Today’s guest is Laurie Hatch, a “radical grandma” with strong ideas and opinions about how children who can be raised. She has eleven kids, 44 grandkids and has worked in education, now consulting and training. We are going to talk about kids under 5 and how to handle aggressive behavior. Join us!
“If I could teach parents one thing it would be: never expect kids to share. Kids do not share until the ages of 4 and 5 when it becomes important to them to have a playmate who stays with them and collaborates”
“Sharing is one of the most inappropriate expectations we have in childhood and a huge trigger. We were taught to be nice and share and that if you don’t share you aren’t nice.”
“About the time we start to figure out parenting, we are done”
What you’ll hear in this episode:
• Exploring the language we use to describe behaviors our kids engage in
* How separating ourselves from our children’s behavior changes how we describe and perceive it
* Sibling rivalry and how we help create it
* The role of supervision in mitigating sibling conflict
* What is scaffolding and how does it relate to correcting behavior?
* Setting reasonable expectations around kid’s ability to self-regulate: improvement vs. mastery
* Child development and how that impacts how sibling conflict plays out
* Resolving conflict through curiosity
* Naturalist observational report: talking to kids about what happened absent of judgment and assumption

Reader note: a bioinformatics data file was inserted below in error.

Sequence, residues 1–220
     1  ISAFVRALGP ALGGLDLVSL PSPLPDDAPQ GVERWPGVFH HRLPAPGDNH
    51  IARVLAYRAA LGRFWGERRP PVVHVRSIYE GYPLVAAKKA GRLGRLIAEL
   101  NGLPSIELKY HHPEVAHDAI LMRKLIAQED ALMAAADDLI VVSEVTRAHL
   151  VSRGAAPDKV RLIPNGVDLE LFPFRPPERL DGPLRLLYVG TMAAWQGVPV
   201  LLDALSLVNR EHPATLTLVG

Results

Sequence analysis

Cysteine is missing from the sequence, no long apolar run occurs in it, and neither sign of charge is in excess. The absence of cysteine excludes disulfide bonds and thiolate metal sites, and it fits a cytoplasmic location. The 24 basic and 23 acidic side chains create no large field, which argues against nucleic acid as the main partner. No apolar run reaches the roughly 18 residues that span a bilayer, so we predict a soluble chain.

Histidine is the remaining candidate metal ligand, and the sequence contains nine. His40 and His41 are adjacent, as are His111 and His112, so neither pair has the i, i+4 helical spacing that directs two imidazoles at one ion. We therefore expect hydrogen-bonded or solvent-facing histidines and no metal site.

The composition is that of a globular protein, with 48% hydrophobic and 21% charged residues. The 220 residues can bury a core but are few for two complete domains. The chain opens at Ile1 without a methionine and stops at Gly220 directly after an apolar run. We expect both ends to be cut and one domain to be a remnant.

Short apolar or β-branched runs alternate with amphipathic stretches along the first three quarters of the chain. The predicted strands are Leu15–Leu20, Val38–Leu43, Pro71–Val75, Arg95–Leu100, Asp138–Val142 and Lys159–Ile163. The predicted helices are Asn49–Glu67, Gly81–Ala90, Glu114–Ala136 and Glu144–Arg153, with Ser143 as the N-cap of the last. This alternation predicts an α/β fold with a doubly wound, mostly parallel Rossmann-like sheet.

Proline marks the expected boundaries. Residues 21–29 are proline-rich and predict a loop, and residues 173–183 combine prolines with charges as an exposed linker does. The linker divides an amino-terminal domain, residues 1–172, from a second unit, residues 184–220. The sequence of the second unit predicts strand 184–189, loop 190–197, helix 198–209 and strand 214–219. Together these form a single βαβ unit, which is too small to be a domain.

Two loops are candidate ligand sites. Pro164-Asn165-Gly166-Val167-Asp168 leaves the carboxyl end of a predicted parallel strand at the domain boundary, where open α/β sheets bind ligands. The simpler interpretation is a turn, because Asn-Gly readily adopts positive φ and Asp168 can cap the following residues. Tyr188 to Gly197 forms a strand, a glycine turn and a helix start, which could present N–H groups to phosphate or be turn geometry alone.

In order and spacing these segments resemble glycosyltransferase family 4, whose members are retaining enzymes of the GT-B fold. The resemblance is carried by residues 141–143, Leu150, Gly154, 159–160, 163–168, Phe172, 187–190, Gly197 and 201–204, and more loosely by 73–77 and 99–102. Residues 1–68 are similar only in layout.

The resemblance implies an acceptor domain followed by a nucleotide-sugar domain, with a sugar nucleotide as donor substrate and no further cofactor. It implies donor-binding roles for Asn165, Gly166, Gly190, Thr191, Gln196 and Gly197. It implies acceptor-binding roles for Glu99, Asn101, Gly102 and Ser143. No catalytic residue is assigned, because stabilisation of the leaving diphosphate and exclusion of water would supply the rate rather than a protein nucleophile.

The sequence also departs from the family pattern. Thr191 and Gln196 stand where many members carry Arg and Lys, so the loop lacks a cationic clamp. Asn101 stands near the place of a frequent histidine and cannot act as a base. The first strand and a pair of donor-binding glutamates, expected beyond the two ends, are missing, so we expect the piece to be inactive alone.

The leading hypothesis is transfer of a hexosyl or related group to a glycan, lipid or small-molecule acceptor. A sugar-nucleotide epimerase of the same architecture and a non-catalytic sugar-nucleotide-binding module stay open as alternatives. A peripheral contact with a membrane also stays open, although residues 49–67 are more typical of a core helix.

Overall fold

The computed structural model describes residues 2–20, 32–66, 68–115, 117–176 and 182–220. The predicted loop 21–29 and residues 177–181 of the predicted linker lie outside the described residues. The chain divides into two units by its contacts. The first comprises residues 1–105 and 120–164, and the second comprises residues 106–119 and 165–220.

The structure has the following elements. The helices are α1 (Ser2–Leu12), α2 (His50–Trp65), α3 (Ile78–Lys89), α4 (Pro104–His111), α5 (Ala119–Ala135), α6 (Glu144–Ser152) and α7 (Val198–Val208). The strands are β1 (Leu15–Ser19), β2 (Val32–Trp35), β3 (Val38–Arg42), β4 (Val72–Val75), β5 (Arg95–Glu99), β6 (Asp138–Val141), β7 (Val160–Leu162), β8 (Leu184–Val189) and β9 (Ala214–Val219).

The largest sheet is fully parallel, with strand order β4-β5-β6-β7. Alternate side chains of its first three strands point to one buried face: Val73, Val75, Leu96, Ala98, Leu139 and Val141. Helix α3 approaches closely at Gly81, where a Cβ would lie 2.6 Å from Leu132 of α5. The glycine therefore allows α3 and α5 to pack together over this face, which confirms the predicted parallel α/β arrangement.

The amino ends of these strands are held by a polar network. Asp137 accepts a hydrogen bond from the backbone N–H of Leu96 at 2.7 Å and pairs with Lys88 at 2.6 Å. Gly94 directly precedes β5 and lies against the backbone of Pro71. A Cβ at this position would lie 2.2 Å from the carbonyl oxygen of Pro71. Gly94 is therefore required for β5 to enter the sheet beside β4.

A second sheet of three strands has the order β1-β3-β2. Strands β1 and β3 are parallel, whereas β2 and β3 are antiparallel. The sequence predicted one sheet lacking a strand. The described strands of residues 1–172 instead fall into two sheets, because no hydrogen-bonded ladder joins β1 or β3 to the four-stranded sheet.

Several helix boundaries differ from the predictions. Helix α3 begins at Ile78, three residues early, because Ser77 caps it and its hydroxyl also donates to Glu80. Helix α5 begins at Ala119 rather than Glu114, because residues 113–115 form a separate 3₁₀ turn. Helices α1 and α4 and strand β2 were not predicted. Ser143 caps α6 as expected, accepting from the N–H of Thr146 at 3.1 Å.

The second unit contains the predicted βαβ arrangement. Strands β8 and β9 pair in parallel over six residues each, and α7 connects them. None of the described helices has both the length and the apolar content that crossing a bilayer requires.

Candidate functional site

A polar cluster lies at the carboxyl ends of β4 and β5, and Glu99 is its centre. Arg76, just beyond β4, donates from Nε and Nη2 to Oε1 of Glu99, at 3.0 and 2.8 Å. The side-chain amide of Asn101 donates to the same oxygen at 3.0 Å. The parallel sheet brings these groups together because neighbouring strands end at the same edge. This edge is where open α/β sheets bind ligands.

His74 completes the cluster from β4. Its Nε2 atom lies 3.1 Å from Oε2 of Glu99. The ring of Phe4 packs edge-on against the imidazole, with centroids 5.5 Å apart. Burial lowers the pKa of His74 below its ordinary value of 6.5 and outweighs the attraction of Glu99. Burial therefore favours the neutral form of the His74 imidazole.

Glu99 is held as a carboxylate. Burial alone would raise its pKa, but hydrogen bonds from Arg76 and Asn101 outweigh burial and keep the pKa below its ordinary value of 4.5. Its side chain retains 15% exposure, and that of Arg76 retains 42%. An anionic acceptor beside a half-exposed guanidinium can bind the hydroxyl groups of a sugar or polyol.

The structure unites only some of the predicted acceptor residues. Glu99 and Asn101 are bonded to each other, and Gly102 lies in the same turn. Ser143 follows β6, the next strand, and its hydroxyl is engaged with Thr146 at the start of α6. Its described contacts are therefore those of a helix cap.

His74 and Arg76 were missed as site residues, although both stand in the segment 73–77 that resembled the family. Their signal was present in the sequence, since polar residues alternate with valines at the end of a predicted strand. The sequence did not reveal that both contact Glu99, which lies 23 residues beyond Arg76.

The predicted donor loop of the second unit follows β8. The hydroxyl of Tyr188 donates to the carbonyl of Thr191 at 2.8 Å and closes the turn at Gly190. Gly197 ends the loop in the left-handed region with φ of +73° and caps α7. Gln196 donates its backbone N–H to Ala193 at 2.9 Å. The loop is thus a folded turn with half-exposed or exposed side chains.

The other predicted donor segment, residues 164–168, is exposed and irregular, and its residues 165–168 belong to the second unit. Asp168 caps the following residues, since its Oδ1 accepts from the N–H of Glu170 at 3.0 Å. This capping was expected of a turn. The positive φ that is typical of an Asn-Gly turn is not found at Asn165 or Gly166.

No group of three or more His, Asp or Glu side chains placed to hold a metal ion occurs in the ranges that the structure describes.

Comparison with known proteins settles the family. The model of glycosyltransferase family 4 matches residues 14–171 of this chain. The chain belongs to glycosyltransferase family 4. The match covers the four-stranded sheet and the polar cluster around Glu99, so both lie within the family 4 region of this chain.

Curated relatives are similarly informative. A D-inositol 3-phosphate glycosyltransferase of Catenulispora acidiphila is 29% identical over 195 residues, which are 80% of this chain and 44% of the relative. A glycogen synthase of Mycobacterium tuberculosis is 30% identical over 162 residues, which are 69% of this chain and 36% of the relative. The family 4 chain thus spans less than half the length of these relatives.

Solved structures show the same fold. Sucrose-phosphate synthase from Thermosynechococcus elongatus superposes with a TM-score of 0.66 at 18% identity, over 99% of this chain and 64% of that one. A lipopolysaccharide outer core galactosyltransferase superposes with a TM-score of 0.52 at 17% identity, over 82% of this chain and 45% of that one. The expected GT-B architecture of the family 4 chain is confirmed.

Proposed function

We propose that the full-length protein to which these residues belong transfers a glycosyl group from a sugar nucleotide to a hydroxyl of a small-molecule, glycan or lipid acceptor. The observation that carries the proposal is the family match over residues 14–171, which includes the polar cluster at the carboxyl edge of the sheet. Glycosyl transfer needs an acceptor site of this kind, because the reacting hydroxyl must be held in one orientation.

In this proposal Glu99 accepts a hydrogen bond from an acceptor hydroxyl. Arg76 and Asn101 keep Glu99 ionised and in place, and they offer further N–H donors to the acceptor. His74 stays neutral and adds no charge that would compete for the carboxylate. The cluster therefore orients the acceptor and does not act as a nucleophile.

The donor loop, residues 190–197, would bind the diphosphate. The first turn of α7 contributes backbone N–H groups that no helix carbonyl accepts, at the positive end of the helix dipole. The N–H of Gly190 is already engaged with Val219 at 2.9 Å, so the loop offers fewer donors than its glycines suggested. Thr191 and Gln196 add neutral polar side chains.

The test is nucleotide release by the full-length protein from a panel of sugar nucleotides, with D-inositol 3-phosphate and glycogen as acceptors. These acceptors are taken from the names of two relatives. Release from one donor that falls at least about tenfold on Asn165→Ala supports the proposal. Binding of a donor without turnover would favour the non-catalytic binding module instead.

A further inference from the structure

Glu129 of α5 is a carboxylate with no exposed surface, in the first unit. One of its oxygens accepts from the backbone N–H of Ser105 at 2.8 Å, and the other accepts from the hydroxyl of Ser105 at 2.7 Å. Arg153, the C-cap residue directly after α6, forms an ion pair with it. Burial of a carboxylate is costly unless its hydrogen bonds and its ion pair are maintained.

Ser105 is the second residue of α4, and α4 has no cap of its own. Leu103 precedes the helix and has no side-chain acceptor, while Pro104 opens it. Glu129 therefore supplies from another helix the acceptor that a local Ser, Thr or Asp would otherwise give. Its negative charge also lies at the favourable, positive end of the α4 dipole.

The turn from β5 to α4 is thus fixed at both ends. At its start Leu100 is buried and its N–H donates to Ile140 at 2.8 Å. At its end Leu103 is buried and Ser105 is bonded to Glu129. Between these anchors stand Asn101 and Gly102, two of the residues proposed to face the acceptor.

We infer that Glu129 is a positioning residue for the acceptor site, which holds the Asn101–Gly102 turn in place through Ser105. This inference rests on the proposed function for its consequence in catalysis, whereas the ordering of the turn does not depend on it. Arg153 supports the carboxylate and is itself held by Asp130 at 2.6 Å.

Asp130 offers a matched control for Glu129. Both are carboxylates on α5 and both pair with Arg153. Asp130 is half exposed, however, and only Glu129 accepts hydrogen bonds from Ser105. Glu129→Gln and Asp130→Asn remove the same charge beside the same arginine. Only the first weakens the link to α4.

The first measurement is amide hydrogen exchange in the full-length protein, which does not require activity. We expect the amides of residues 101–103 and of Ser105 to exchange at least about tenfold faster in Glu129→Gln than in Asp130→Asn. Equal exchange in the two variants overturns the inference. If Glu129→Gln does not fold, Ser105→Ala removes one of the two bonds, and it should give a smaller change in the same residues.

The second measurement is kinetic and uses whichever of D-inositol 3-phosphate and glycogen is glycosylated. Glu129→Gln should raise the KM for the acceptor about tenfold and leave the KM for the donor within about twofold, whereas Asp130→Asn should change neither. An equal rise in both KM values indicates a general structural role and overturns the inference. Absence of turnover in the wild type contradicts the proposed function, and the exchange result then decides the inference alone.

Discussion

* Sharing expectations: why and when developmentally kids share and how expecting it can create challenges
* Biting and tantrums in context: how language and maturity impact these phases
* Backtalk versus advocacy: reframing sassy behavior
* Repetitive behaviors: chances to try different approaches to resolve conflict
• Nurturing in the heat of conflict: why it helps and how to do it even when it’s hard.
• Solutions vs punishments. Focusing on the goal and expected behavior and being permissive aren’t the same thing, resolution doesn’t need to be punitive
• Relationship repair and how to recover from parenting missteps
• Spanking – where does it come from and what else can you do in the moment
• Post-conflict recaps: encouraging perspective taking and problem solving
• The role of family meetings: connecting rather than blaming
• Parenting education helps learn about parenting process
* Triggers: why do we have them and what they can teach us about ourselves?
* Self-care and parenting – how journaling can help
* Problem solving without fault
What does Joyful Courage mean to you?
“Joy is the essence of being centered in truth. Courage is heart. I try to live so my life and heart are centered on the things I know are true. I have limited knowledge so I’m continually looking for that. I draw on my courage so that I can speak out in active ways that are in harmony with what I believe. Joy is not fleeting, it’s not like happiness. Joy is a constant and a choice in life. If you have joy in your heart, you’re able to endure challenges and adversity because you have this constant centered on truth."
Where to find Laurie:
#JoyfulCourage10 - Holiday Edition
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